Methods for Addressing the Issue: These studies are conducted in the North American Bald Cypress Swamp Network (NABSCN), which is a long-term study network located throughout the southeastern United States along the Mississippi River Alluvial Valley from southern Louisiana to southern Illinois, and the Gulf and Atlantic Coasts from Texas to Florida and Maryland/Delaware, respectively (70 wetlands total). The network has replication at the landscape level, with five replicate swamps per geographical area from Illinois to Louisiana, Texas to Florida, and Florida to Delaware..

Within each wetland, production, growth and regeneration are studied. Annual estimates include above- and below-ground production, decomposition, soil carbon content, tree growth, and seed banks. Environmental measurements include water, sediment and salinity dynamics; many sites have water level recorders and Sediment Elevation Tables. 

Interns will be able to design their own studies utilizing long-term data sets on ecosystem function from 2002-2022. Interns can also design their own short term manipulative study within the study network. There are opportunities for collaboration on paleoecology and threatened and endangered species.


Arial view of a stream running through trees with hills and sky in the background

JoAnn Holloway, Research Biogeochemist


Watershed-scale mining impacts

I develop interdisciplinary research teams that address watershed-scale legacy mining impacts in the Salmon River Mountains of Idaho using an array of tools: water chemistry, soil characterization, ecotoxicology, and geospatial analysis to evaluate the effectiveness of natural attenuation as a component of mining remediation. Another objective is to evaluate stakeholder perception of the balance between mining, remediation, subsistence land-use, and recreation through ecosystem services modeling. Students with NSF funding and interest in either of these areas are encouraged to contact me. This research opportunity is flexible due to the interdisciplinary nature of this work.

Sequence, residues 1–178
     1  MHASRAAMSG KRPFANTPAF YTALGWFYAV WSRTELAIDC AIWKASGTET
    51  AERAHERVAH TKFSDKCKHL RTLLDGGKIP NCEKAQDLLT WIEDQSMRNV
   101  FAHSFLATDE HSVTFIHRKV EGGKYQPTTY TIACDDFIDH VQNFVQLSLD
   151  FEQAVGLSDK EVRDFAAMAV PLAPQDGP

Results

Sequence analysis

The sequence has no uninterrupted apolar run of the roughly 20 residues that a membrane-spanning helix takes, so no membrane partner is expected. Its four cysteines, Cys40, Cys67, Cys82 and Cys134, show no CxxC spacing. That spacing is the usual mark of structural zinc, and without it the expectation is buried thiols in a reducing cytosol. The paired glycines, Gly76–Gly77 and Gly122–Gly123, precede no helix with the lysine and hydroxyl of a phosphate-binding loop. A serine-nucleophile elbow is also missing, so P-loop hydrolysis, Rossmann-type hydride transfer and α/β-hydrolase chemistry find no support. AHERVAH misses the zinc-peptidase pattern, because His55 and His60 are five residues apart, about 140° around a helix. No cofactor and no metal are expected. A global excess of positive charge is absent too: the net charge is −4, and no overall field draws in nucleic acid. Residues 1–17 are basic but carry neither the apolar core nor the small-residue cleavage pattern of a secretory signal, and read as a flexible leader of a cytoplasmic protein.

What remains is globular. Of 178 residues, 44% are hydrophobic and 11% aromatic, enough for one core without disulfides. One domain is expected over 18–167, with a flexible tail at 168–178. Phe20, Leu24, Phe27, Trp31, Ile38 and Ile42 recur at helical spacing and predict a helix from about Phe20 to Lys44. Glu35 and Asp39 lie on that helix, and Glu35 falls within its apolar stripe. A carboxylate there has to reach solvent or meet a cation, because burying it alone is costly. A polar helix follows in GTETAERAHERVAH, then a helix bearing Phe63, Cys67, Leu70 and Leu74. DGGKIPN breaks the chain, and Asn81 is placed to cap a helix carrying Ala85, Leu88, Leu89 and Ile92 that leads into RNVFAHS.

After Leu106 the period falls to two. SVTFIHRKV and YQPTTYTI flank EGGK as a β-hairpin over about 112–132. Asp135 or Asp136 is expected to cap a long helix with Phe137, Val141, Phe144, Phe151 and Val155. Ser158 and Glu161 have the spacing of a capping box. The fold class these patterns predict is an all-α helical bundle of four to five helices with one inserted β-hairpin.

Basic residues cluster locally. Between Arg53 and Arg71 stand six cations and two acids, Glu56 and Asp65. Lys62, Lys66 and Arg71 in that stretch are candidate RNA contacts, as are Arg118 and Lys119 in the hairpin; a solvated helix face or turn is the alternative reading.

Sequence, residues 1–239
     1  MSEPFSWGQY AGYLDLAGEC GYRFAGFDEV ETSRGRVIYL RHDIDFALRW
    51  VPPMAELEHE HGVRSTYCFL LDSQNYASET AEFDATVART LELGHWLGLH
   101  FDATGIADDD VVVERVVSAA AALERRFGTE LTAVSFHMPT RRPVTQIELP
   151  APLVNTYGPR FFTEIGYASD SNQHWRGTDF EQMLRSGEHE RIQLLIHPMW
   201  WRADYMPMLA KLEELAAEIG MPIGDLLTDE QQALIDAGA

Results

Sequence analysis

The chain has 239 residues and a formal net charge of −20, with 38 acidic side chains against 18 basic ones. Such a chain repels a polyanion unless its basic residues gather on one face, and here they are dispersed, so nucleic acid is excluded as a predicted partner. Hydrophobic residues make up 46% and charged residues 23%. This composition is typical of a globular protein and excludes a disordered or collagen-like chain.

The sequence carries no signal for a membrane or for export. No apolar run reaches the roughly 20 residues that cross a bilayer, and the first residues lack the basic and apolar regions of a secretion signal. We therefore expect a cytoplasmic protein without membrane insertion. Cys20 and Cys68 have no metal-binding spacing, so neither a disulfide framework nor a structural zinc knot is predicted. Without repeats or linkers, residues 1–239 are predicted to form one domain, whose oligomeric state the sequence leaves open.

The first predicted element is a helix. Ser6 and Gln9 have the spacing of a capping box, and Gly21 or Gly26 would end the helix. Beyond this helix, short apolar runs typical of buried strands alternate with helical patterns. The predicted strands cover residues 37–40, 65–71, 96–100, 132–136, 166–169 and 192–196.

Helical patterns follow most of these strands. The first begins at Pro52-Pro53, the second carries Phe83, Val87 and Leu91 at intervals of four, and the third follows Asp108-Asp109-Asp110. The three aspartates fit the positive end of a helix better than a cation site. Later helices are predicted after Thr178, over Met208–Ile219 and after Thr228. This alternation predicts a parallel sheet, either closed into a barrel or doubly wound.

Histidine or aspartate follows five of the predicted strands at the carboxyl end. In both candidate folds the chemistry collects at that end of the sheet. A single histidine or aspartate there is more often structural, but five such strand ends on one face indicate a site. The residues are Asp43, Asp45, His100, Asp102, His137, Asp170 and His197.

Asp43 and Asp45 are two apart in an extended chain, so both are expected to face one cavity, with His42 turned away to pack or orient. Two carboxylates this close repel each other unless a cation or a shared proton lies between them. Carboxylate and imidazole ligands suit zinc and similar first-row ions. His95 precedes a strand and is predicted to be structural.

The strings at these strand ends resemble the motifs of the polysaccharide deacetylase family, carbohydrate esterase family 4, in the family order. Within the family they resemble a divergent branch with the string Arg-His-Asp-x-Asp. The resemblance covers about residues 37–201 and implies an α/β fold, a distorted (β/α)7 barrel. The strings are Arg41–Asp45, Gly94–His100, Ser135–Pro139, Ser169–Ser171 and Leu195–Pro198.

Woman in a coat standing on a plain with mountains in the background. She is holding something in a net.

Toni Lyn Morelli, Research Ecologist


Toni Lyn's research focuses on the impacts of global change in species and ecosystems in the U.S. and beyond. She uses a variety of techniques to do this, from fieldwork to ecological modeling, usually involving stakeholder engagement using the process of translational ecology.  Her previous NSF graduate students have investigated moose range shifts, Arctic ground squirrel occupancy, red squirrel genomic diversity, cognitive behavior in the field, bird acoustics, and invasive vs. native plant trade.  She has a large, diverse, and vibrant lab that provides an enriching and supportive community, exemplified by this publication produced by her students:…;